Then last night I went over to my friend Doug's. Doug and I are going camping in the Los Padres National Forest over Memorial Day so we ate pizza, compared camping gear, and watching Kill Bill. I hadn't seen it before, but it definitely continued the orgy of mass murder and destruction motif for the weekend.

Kill Bill struck me as a comic book turned into a movie. I think I am now totally desensitized to gallons of blood geysering out of severed heads.

Thursday, April 21, 2005

America at the Crossroads: War and Empire

Flaming Banjo has a post about the future of warfare and the rise of warbots.

Finkelstein, a leading proponent of the automation of combat represented by the [Future Combat Systems] program, is echoing an often-repeated promise of the modernized military, the promise of combat with no casualties. Recognizing that the loss of soldier’s lives is the single greatest factor making the American public reluctant to wage war, many military strategists see automating the most dangerous battlefield tasks as holding tremendous promise in the ongoing PR battle to justify overseas engagements, along with the more obvious benefits to life and limb.

Unfortunately, the scenario painted by Finkelstein and others leaves out a crucial point: When he says there will be no people on the battlefield, what he actually means is no American people on the battlefield. |Link|(Emphasis added)

Flaming Banjo's discussion of the rise of warbots and the power of the military-industrial complex reminded me of the interview at with Chris Hedges, the author of War is a Force That Gives Us Meaning.

The defeat in Vietnam made us a better nation and a better people. We were forced to step outside our own borders and see how other people saw us. We were forced to accept very unpleasant truths about ourselves -- our own capacity for evil. I think that that process [of self-reflection], especially during the Reagan years...began to disintegrate. War once again became fun: Grenada; Panama, culminating in the Persian Gulf War.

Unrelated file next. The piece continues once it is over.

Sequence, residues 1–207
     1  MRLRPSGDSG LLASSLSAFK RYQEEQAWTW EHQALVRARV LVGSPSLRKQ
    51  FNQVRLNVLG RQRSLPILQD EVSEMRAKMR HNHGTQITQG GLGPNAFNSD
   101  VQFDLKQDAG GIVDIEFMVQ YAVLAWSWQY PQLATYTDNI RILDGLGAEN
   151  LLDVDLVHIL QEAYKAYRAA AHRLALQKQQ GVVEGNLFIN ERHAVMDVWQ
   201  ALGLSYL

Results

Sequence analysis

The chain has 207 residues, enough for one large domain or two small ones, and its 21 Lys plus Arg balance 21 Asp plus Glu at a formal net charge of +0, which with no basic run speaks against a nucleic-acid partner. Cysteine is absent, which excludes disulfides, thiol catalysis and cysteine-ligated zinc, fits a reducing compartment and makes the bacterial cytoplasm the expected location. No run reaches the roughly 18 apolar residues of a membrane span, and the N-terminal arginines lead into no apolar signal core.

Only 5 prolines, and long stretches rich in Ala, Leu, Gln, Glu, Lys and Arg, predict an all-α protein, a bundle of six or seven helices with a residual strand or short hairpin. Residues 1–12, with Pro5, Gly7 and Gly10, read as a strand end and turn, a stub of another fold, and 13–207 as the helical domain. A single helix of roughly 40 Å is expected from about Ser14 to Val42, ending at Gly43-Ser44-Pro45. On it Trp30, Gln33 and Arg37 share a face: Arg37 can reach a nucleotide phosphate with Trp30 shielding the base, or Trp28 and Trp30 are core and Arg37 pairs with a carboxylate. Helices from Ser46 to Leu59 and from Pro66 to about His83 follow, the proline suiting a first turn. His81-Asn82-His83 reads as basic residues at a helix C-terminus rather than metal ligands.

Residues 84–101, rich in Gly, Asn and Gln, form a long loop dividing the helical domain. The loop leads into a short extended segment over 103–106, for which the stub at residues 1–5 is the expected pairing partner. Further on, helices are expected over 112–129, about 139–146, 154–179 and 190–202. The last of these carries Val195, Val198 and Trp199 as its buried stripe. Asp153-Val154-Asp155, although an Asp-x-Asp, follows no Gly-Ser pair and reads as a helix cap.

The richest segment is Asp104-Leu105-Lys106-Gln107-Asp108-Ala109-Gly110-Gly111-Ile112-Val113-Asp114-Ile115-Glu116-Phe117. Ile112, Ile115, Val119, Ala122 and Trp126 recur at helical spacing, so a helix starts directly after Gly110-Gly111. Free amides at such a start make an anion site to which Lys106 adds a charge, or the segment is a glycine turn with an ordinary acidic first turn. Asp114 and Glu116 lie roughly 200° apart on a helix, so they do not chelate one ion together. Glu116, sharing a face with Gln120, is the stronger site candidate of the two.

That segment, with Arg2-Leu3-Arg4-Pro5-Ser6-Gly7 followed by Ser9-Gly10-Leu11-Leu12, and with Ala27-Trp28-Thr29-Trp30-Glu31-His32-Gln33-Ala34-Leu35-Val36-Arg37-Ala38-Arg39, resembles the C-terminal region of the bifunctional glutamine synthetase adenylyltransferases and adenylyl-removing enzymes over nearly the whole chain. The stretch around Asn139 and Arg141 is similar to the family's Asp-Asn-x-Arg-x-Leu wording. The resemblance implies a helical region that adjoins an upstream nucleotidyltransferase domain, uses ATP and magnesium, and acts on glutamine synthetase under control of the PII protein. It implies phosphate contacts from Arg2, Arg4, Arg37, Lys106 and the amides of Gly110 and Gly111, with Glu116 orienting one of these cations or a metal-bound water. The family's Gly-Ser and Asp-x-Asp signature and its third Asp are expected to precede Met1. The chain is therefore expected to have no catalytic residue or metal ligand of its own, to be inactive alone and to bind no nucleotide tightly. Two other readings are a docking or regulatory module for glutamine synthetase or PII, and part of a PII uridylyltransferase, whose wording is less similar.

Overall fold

...Freud argues that all of life, both for the individual and within human society, is a battle between Eros, or love, and Thanatos, or the death instinct. And that one of these instincts is always ascendant, at one time or another.

I think after the Vietnam war, because of the terrible costs that we paid, because of the tragedy that Vietnam was, Eros was ascendant. I think after the Persian Gulf war, where we fell in love with war -- and what is war, war is death -- Thanatos is ascendant. It will, unfortunately, take that grim harvest of dead, that ultimately those that are intoxicated with war must always swallow, for us to wake up again.|Link|

This struggle between Eros and Thanatos is crystal clear with Bush in office. Our government continues to cut social spending and scientific programs while fully funding programs for high-tech killing toys and occupying Iraq. How much weaponry do we really need? We are a nation awash in small arms and in control of tens of thousands of nuclear many warbots do we need?

I guess it depends upon our aim. If our goal is to establish a globe-spanning empire that disempowers and enslaves billions, maybe there is no limit to the need for self-propelled implements of destruction.


Mun sent me a link to TinyURL which allows you to make hideously long URL's into something bite-sized.

Wednesday, April 20, 2005

Neal the Firebug

So I was having coffee with my friend Bob yesterday. I call him Danger Bob only half in jest. Bob's a cop here in LA. Bob was in uniform and while we were flapping our gums a woman came up to let us know that there was a trash can on fire. Someone probably threw a half extinguished cigarette butt away.

Danger Bob's a smoker. Of course. Anyway, Bob called the FD and they arrived on the scene in minutes. I suggested a fire extinguisher, following my nature. But it really was excessive. The trash can was made out of pebbles cemented together. It was pretty fireproof.